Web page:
With the predicted El Nino likely to bring heavy rains that might leak into and corrode the interior of the new $6.4 billion eastern span of the Bay Bridge, some have raised concerns about the damage water could cause to the very vulnerable chamber deep inside the new bridge.
Even the bridge's designer has expressed long-term concerns over the impact of possible leaks, but some wonder if these concerns overblown.
The guard rails on the tower span are bolted into and through the deck, so the guard rails won't fail if hit by a car. Though there has been some leaking through many of the bolt holes, it appears there's little or no damage to the structural metal.
That's because all that metal inside the bridge has been coated with zinc. The protective zinc coating reacts with water, forming a white powder.
"What that is is zinc doing its job. Water hits the zinc, it's oxidizing; it's protecting the base metal. That's exactly what it's supposed to do," said Bay Bridge Resident Engineer Bill Casey.
Casey says Caltrans knows where the leaks are coming from: where the guard rails are bolted into the roadway.
"We want to deal with it and make sure it doesn't continue, but at this point in time, I don't see any structural concern here," said Casey.
Where the bolts come straight through the deck, there's been no leaking because the metal pieces are held together under great pressure. But where some of the bolts connect to a flange, about an inch or away from the road deck, there has been some leaking.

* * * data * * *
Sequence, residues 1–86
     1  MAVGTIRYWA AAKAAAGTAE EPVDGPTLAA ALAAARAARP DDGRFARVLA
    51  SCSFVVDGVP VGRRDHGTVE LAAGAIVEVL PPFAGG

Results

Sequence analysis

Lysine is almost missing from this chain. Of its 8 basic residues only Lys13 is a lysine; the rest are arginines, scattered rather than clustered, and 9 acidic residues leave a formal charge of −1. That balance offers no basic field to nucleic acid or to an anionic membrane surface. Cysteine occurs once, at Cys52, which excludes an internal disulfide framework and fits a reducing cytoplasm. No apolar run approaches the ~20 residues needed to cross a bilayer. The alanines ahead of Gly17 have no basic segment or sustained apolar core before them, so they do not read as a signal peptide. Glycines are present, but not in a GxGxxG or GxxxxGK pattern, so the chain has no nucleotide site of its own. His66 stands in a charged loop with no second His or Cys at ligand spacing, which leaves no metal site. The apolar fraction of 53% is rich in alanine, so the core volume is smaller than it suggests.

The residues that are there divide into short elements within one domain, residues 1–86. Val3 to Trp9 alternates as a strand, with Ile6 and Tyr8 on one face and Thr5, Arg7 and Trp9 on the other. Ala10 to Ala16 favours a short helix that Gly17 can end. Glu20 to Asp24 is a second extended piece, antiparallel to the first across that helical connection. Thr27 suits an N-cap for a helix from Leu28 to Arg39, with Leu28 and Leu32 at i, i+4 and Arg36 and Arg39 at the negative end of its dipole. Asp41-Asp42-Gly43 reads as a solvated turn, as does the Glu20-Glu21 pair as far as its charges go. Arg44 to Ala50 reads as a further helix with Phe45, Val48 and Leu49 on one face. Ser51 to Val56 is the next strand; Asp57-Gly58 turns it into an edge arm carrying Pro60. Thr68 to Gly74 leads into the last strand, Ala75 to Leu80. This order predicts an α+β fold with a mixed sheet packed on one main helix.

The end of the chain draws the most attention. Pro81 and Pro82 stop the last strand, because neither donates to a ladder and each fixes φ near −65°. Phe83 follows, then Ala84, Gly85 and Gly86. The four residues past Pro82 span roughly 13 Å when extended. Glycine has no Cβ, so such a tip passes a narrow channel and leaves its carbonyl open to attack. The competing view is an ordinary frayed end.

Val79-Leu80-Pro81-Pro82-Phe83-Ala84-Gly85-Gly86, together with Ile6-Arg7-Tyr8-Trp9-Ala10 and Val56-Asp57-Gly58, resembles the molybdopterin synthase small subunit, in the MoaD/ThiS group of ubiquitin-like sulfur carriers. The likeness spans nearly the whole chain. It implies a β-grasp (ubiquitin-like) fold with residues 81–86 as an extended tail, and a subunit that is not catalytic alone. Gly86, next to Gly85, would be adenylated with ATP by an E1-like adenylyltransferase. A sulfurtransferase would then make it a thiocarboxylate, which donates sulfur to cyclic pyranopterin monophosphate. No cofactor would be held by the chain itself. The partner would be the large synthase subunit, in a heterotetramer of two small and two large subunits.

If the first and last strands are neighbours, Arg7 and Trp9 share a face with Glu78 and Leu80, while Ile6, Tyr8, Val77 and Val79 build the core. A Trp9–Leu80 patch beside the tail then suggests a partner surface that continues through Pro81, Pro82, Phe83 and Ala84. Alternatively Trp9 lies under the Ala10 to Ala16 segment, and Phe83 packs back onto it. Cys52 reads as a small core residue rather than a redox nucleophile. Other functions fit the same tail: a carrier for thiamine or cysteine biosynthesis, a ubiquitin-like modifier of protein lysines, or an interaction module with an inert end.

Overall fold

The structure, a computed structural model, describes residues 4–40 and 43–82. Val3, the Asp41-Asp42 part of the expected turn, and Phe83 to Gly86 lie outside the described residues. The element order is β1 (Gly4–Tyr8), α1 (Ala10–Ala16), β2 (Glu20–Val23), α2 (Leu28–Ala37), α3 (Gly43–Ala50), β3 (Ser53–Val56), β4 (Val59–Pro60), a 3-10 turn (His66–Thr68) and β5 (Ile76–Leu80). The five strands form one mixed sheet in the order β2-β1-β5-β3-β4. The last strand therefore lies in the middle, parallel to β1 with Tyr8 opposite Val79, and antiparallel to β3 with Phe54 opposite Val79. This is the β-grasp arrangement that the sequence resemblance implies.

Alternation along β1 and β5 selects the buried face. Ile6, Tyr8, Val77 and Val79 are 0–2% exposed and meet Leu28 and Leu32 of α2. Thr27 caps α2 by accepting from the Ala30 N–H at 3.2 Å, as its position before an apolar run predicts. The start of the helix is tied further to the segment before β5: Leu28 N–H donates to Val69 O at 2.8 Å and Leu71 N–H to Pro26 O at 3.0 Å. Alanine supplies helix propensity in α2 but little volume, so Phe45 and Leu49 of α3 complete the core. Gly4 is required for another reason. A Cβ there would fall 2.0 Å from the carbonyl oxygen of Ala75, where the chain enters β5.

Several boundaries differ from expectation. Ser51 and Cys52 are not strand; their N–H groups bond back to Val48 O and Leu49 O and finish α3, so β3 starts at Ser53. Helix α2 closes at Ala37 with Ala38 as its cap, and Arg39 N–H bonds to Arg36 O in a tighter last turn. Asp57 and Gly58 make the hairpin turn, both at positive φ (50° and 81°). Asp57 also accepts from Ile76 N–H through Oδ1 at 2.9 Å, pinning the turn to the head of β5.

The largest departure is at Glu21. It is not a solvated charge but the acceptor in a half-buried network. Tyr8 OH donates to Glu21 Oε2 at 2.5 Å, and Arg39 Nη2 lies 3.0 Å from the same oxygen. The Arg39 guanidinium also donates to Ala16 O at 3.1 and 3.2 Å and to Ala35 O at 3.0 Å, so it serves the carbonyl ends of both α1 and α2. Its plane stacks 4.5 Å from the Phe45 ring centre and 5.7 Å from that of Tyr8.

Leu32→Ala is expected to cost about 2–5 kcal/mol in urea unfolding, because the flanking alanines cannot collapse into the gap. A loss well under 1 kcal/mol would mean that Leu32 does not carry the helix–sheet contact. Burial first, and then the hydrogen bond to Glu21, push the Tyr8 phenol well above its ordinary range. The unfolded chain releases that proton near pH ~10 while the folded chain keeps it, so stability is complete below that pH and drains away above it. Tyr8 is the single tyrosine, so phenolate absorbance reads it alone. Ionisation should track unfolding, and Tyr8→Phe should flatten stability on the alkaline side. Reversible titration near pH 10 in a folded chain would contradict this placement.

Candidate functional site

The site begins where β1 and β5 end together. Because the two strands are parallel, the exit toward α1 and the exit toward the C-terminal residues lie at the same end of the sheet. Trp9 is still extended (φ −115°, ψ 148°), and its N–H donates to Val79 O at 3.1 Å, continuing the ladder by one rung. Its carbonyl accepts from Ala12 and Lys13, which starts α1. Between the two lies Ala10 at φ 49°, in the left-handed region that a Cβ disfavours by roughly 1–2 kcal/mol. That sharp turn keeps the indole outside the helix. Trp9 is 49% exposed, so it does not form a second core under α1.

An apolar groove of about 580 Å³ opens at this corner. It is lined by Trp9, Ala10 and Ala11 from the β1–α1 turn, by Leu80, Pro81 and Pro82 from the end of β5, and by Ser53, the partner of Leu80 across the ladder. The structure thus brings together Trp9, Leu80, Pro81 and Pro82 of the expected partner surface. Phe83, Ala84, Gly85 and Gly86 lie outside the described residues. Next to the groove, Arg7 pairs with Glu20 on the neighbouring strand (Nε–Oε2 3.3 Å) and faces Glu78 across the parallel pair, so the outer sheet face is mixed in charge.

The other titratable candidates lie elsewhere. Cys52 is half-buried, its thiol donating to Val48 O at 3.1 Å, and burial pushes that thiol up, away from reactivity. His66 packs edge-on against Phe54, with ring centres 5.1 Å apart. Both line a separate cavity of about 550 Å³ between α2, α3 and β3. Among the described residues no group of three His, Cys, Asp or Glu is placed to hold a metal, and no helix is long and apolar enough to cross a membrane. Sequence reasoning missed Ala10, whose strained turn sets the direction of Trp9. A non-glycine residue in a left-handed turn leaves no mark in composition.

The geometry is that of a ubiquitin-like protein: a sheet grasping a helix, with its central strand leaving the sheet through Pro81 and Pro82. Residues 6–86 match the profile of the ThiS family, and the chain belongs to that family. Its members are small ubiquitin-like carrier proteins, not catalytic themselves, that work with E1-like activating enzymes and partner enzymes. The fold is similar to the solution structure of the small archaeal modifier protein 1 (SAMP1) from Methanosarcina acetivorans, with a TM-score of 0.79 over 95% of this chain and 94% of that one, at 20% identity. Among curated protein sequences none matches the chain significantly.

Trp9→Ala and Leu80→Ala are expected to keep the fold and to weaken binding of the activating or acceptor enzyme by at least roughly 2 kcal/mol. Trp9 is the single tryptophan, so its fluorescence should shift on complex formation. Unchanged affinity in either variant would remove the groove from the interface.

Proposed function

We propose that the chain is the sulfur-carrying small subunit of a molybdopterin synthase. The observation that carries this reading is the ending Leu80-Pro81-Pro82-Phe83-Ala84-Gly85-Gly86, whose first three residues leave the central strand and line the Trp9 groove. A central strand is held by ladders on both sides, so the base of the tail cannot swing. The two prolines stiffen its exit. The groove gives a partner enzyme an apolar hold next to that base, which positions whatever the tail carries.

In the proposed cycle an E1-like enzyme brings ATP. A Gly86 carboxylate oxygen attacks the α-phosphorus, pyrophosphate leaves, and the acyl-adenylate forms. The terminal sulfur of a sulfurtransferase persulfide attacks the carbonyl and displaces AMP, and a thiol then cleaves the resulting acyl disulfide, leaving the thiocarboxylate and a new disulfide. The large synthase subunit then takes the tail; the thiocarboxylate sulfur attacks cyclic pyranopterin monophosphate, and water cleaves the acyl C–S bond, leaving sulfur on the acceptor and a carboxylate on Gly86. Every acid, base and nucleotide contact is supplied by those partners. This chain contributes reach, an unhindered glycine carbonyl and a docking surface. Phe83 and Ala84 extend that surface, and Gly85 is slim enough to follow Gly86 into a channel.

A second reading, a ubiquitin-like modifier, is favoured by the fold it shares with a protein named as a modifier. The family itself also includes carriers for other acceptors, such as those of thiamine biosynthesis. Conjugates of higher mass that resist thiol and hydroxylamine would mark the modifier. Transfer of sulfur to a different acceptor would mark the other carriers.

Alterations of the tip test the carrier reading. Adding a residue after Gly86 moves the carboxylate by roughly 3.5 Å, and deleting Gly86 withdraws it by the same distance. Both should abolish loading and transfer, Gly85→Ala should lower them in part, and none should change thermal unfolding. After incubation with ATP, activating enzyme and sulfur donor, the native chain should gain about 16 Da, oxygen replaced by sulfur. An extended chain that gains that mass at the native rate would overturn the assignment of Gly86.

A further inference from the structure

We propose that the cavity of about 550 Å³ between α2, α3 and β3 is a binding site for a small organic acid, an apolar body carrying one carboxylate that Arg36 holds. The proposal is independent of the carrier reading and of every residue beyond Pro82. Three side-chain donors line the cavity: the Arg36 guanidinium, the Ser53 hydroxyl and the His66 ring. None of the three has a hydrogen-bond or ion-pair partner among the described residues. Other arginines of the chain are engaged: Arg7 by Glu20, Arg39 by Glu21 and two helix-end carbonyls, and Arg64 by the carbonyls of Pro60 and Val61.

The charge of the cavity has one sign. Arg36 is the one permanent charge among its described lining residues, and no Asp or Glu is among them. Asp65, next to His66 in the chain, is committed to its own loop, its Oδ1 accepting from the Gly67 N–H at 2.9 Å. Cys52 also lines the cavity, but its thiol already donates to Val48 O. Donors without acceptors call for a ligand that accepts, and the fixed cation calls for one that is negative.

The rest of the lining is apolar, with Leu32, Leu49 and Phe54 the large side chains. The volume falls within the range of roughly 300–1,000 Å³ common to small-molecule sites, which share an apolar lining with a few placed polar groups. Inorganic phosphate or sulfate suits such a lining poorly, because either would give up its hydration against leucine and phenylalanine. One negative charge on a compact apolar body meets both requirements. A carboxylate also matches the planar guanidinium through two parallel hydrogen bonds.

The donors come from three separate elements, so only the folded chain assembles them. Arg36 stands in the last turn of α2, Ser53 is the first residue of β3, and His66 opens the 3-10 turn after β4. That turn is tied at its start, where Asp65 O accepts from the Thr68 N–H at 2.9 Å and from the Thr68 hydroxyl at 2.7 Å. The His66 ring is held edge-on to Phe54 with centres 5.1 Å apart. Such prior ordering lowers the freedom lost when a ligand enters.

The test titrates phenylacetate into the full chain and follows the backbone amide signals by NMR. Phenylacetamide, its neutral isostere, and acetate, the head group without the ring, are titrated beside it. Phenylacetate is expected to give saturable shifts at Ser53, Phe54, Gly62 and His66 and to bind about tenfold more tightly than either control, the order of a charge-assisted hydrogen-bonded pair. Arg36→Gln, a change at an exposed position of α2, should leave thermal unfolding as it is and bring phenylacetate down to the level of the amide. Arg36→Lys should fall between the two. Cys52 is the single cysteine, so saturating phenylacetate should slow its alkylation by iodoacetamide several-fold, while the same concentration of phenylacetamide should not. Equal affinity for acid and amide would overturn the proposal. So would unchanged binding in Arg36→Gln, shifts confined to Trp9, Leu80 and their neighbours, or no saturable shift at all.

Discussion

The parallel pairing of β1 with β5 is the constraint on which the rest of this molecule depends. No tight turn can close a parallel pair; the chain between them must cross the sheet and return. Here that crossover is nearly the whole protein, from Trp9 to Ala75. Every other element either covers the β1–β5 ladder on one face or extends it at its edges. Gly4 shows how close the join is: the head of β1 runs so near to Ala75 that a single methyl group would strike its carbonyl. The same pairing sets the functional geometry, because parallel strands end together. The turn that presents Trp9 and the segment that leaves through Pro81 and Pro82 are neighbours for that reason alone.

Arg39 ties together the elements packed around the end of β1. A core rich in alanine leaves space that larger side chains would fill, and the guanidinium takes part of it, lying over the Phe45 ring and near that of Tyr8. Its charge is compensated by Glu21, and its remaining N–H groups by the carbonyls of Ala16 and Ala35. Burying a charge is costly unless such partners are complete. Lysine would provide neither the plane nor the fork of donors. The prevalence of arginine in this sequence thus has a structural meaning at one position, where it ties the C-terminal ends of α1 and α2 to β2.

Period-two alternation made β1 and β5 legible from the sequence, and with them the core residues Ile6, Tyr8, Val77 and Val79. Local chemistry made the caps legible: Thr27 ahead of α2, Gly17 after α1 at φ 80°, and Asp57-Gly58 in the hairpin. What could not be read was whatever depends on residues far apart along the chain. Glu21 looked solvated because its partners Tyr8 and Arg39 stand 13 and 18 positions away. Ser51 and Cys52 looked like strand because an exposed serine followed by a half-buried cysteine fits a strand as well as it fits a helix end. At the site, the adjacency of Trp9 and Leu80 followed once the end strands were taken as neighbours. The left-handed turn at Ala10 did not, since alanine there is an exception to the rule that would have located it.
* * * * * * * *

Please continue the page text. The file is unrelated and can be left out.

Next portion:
But Caltrans says it can put something in there that can take care of that. To plug the leaks, waterproof coated metal will be placed in the open areas where the bolts are not flush against the roadway deck metal which should end the leaks.
"It would probably take you 6 months easy to do all the work; maybe a little bit longer," said Casey. "We want to keep as much water out as possible, so if water does get in, if it goes into the bridge it finds its way out, so we designed all kinds of things and mechanisms to get it out."
For example, there are many open drain holes on the underside of the bridge, designed into the bridge from day one. Wherever water leaks in, there are channels for the water to go down to those drains. Result: water never touches the interior metal, only the protective zinc coating.
Some have also raised concerns that deep inside the bridge deck where the cable is anchored into the bridge, water could damage the massive cable that holds the bridge up. It's in is the cable chamber where more than 17,000 individuals wires were made to form 137 bundles which created that one gigantic cable.
Some water has gotten in there, but it may not really be a long-term problem. Though the cables appear to be bare metal, they are also coated with zinc and will be highly protective when reacting with water.
Casey says there is evidence water has leaked in because on some of the cables there is a telltale white powdery residue. Casey told KTVU this has had no structural impact and that the zinc residue will stop when the leaks are permanently plugged within the next few months.
"The real concern here is long term. You don't want it year, after year, after year, for many, many years or decades having these cables get wet. That's what you don't want," said Casey.
With no more water coming in, all corrosion stops.
"With no moisture in here, you don't really have corrosion. So with that kind of low humidity you won't have corrosion over the long term," explained Casey.
Nonetheless, from day one, it was assumed that some water might get into this water tight but not waterproof chamber from time to time.
"So that's why you've got all these layers. You have the layers of the zinc primed steel. the zinc primed cables themselves and then the dehumidifier to really keep it dry in here. With proper maintenance, this bridge will last the test of time," said Casey.
Even the bridge designer, who expressed concerns about leaks, sees this is a long term problem only if the water continues to leak.